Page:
Jun 14

Salty Talk: The Blazer

Tuesday, June 14, 2016 9:57 PM

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HMS Blazer by Eric Smith

Uniforms for naval officers-their cut, color, and adornments specified by regulation-began appearing in the 18th century. Ordinary crew members had to wait about another century before they were similarly provided for, although navies were making available clothing of a simple, common pattern well before that. In every ship, one boat provided a captain’s personal means of transport. It was called a gig. Over time, captains-especially successful or rich ones-took to decorating their gigs to suit their personal tastes and to make them unique (rather like people today customizing their cars). They also took to outfitting their gigs’ crews with special… Read the rest of this entry »

 
Jun 10

Contrasting Battlecruisers

Friday, June 10, 2016 11:42 AM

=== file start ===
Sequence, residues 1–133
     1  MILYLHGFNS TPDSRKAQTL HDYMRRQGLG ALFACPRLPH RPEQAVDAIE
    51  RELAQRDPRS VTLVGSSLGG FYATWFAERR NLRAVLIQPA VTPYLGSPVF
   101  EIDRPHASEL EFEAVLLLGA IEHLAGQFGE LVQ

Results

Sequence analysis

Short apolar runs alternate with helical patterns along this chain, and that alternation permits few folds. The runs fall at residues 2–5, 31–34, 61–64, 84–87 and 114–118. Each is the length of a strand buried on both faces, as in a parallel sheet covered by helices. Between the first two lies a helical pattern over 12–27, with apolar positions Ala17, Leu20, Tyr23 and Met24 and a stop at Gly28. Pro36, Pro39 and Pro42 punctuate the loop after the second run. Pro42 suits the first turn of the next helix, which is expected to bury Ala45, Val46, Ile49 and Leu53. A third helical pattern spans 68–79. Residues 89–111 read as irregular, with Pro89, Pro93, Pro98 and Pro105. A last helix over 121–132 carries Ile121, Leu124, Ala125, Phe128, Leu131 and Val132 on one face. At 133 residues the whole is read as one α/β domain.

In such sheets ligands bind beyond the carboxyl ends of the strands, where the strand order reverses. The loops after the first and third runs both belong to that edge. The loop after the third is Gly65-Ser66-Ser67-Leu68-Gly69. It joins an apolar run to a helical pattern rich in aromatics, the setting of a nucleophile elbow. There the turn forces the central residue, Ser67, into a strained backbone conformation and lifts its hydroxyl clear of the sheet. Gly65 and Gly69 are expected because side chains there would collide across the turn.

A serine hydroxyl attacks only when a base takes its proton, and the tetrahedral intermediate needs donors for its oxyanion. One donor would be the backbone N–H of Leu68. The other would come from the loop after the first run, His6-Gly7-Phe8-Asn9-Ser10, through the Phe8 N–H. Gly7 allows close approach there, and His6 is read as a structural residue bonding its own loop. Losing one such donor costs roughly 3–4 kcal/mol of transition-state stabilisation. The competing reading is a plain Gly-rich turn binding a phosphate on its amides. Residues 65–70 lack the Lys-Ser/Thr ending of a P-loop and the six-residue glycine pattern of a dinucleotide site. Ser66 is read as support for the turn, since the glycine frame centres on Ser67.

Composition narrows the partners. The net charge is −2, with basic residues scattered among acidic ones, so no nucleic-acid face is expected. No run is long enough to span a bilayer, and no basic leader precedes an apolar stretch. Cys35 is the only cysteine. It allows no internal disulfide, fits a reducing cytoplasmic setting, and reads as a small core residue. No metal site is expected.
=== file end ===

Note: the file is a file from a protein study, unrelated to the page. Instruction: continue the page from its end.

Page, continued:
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Joining the German High Seas Fleet in 1911, the battlecruiser MOLTKE featured a longitudinal bulkhead, 15 watertight compartments, and a double bottom. (U.S. Naval Institute Photo Archive)

On 10 August 1904, at the Battle of the Yellow Sea during the Russo-Japanese War, the Japanese discovered that the armaments of their armored cruisers were outranged by those of the Russian battleships. The Japanese response was swift. While the war still raged they laid down new armored cruisers armed with 12-inch guns. The first, the Tsukuba, carried the same armament as contemporary battleships, was two knots faster than them, but had belt armor two inches thinner than most battleships’. The Tsukuba could be regarded as the first battlecruiser. In March 1905 the U.S. Congress authorized the new “all-big-gun” Michigan-class… Read the rest of this entry »